This is in fact a sort of Zeugma (conglomeration of words that won't fit well), like in
Er schlug die Scheibe und den Weg nach Hause ein.
Ich heiße Heinz Erhardt und sie herzlich willkommen.
"Große und Hauptstadt Berlin" or "bayrische und Bierstadt München" would be of the same form, but barely acceptable by native speakers. The only reason why Hamburg (i guess) still carries that title (with pride) is it's long-standing tradition and it's traceability to the middle ages, back when lower German (Niederdeutsch) was spoken ("Friee un Hansestadt Hamborg"). I can only assume it was acceptable in lower German and was carried on to Hochdeutsch.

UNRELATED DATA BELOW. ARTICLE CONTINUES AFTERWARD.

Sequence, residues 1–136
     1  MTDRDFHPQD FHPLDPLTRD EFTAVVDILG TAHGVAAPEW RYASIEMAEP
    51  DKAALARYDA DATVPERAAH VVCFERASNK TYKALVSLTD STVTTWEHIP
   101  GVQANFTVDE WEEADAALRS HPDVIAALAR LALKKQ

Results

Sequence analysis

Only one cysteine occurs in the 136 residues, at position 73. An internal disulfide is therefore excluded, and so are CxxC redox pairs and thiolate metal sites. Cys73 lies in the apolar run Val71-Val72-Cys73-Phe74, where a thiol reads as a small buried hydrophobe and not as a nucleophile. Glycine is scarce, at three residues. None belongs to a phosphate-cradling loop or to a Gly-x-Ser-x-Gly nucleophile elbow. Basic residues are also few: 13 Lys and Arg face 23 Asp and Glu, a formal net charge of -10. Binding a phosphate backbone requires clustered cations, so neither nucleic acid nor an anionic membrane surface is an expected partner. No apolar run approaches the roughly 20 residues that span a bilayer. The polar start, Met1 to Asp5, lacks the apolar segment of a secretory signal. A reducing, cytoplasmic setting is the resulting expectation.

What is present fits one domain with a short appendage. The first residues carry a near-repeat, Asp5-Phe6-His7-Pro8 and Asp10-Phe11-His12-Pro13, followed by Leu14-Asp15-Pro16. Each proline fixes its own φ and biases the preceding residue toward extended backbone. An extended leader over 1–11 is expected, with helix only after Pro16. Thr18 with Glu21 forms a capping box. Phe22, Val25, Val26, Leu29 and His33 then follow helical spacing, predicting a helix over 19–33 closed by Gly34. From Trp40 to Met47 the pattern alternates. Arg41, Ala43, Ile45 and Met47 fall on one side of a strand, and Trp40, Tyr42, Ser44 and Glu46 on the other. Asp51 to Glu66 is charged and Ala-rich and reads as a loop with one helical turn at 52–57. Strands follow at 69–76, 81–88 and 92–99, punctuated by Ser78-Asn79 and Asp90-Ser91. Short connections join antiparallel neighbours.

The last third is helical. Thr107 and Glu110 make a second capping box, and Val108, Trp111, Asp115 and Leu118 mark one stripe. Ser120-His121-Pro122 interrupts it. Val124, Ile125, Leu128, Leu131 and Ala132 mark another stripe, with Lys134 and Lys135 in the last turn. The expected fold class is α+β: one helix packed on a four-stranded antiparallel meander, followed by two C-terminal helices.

It's interesting to note that Bremen, with a very similar history in the same region, carries the slightly different title "Freie Hansestadt Bremen", which means the same but is completely grammatical.
In case you're asking for the "frei" - This was a specific city privilege from the middle ages for large or specifically wealthy cities that were independent from the local souvereign, and rather direct subordinates of the German Emperor.